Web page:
As a fresh graduate, I never thought that I could have the chance to teach another person since the world is so big that you always have something to learn rather than to teach. But by chance I got the opportunity to teach Chinese on WiZiQ and to get listed along with other excellent and professional teachers from around the world. I was really excited, of course, but also, I felt a lot of pressure.
The first problem I encountered was what to teach. Chinese is really difficult to learn and there are already a lot of professionals and semi-professionals teaching it, so finally I decided to teach “Communicative Chinese” which emphasizes on conversational and useful expressions that you can use in China or Chinese speaking regions. The benefits are very obvious. Students do not need to learn basic grammar and wording. Instead, they learn something that you can use directly. As a teacher, I can use more lively examples.
Tip 1: think of a familiar subject and cut into it with a specific point. Vague and general subjects will only leave your students confused.
When I fixed the basic direction, designing the curriculum became my next task. Language is not what you can master with a few classes. To be communicative means the sessions have to cover many aspects of daily communication in life. I asked many of my friends for problems and difficulties they encountered when they traveled to other countries with a very different culture. This research took me another 2 days. But by then I had only 3 days left to make the presentation for the first class. Consequently, there was little time left for me to promote my session and this led to a poor number of attendees in my class.
Tip 2: If you want to give serial sessions, design the curriculum and make your presentation as early as possible so that you have more time for promoting.
Like many people, I used to think that if I have a good and informative session, in which students can really learn something, there is no need for me to promote it and the students will know it. Then 2 students came for the first class, 3 to 5 came for the second one and none for the third. The lesson I learnt is - no matter how confident you feel about your session, people will not know since the Internet is now so full of information that if you don’t show them the way, they will just go pass it without taking even a glimpse.
Tip 3: Spare some time (as long as possible) to promote your session. Reach to Interest groups.
Teaching on the Internet is really different from teaching in a classroom since there are so many uncertainties. A few hours before my first session, I was so nervous and kept picturing different situations. What if there is no attendee? What if the attendees find it so boring that they do not cooperate? “What if…” went on and on, making me more and more nervous. Then my co-worker gave me a suggestion - why not tried it out with me? Then we tested the session together on WiZiQ; I rehearsed everything I wanted to teach and during that we did find some mistakes and the microphone was not working properly. Thank god I tested it out otherwise it would have been a disaster. I felt so relieved after the test session and confidence found its way back.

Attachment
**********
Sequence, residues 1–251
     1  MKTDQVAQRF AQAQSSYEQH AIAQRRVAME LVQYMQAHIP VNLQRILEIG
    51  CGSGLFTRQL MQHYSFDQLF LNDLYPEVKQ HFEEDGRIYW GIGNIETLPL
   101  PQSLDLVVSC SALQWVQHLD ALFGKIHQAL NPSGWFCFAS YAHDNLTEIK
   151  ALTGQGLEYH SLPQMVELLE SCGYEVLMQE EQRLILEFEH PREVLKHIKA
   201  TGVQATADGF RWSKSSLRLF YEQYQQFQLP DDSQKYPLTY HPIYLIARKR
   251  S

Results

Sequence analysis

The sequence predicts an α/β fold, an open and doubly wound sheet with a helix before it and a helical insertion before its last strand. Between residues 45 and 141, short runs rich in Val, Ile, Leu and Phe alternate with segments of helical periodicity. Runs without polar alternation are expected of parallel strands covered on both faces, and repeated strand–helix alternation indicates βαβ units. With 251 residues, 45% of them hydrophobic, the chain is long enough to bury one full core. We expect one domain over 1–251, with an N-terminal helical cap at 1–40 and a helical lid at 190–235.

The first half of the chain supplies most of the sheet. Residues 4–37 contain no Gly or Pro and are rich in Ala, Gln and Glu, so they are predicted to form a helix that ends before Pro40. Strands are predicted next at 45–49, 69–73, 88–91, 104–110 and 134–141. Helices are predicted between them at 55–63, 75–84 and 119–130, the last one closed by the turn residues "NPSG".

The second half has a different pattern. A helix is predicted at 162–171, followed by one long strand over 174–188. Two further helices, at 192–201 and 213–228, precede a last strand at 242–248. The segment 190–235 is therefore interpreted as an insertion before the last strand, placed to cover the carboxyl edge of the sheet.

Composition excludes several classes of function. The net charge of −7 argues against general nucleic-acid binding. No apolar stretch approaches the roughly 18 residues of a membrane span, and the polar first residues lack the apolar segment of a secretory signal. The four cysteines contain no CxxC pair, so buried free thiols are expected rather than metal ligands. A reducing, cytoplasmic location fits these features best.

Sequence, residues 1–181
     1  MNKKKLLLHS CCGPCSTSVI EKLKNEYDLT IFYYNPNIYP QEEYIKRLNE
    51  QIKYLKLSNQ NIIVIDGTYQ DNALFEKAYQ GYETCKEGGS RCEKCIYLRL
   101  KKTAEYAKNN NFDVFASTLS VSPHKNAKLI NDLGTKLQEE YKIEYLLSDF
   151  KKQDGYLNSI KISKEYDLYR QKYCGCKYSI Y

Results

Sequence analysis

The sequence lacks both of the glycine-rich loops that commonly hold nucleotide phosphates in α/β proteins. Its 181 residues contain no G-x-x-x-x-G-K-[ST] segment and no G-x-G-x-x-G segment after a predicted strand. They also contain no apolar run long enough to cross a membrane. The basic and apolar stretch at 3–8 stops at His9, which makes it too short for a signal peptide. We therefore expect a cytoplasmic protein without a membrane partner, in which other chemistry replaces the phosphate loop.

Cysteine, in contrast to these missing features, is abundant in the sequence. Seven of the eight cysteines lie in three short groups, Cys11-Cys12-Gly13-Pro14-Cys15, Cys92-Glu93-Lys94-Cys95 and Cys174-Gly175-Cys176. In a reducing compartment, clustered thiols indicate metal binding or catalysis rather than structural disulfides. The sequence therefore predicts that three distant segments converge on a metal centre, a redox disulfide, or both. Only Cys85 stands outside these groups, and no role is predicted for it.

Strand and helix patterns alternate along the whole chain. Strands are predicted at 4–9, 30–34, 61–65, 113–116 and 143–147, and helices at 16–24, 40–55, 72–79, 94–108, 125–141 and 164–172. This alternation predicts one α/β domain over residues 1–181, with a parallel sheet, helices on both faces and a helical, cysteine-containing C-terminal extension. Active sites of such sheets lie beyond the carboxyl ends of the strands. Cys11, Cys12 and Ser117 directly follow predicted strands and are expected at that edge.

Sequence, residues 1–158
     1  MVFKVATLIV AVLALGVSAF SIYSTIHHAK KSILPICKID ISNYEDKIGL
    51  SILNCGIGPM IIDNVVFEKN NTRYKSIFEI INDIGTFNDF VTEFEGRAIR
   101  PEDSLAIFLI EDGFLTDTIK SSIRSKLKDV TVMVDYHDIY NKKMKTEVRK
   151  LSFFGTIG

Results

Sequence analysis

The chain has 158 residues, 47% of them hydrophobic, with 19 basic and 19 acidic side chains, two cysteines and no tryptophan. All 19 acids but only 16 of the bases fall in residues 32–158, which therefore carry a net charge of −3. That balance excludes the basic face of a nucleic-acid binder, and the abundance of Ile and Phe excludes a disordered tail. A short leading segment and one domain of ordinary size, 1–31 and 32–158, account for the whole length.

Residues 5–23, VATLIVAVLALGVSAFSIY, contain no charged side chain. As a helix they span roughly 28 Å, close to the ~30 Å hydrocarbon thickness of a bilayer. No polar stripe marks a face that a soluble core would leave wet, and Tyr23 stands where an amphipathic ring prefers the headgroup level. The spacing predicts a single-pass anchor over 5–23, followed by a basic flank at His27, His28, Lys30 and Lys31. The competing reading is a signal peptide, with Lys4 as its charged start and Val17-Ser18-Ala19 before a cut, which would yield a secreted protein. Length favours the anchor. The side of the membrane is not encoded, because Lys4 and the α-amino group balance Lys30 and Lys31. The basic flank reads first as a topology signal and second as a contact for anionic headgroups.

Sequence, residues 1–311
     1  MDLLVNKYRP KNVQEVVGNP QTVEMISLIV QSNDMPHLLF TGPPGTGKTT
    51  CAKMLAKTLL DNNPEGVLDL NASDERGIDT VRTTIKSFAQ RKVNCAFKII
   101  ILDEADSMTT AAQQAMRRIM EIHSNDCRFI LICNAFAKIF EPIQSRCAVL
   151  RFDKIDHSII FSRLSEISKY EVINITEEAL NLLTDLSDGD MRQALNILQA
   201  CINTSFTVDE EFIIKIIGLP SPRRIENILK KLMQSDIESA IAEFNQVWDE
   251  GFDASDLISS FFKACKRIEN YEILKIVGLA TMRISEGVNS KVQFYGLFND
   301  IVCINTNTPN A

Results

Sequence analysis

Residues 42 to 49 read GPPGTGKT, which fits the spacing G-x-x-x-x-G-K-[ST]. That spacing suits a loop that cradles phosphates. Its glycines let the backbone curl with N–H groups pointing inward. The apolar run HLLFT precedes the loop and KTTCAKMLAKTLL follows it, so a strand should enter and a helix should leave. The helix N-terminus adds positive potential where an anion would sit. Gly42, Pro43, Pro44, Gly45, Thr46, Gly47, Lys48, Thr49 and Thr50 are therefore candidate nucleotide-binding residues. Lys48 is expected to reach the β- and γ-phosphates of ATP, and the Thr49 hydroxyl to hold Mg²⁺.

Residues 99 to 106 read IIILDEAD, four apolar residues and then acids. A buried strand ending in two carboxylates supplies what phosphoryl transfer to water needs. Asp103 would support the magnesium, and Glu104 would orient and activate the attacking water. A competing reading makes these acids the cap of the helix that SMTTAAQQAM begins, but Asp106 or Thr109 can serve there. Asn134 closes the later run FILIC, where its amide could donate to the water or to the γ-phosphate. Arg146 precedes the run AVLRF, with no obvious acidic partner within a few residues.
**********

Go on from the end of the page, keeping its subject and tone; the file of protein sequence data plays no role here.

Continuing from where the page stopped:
Tip 4: Test your session out at least once, it does greatly reduce your anxiety and give you confidence. A reminder note of what you want to say also helps.
Things go on well when they are well planned. My first class : Communicative Chinese Online turned out quite smoothly, with me quite excited and confident, and students really participating in it. The only problem lied in the under-estimation of the time span. It was scheduled for 60 minutes, but I finished the session in 40 minutes. So the rest 20 minutes I just asked students if they had any question or not. To my surprise, hardly any of them had questions (Maybe I did my job too well ), so the session was wrapped up at the 50th minute.
Tip 5: Again I want to say, testing your session is really important so that you will know exactly how much time you need and can make the arrangement accordingly.
After the first class, I received some compliments from my students and this has, again, greatly encouraged me to continue my sessions. As a volunteer teacher online, I really learned a lot from this experience. Most important of all, I find that actually anyone can teach, and you can always learn something from other people, no matter profession, age or social status. I am really grateful I took the initiative to teach online, and hope my experience can benefit teachers and students on WiZiQ.
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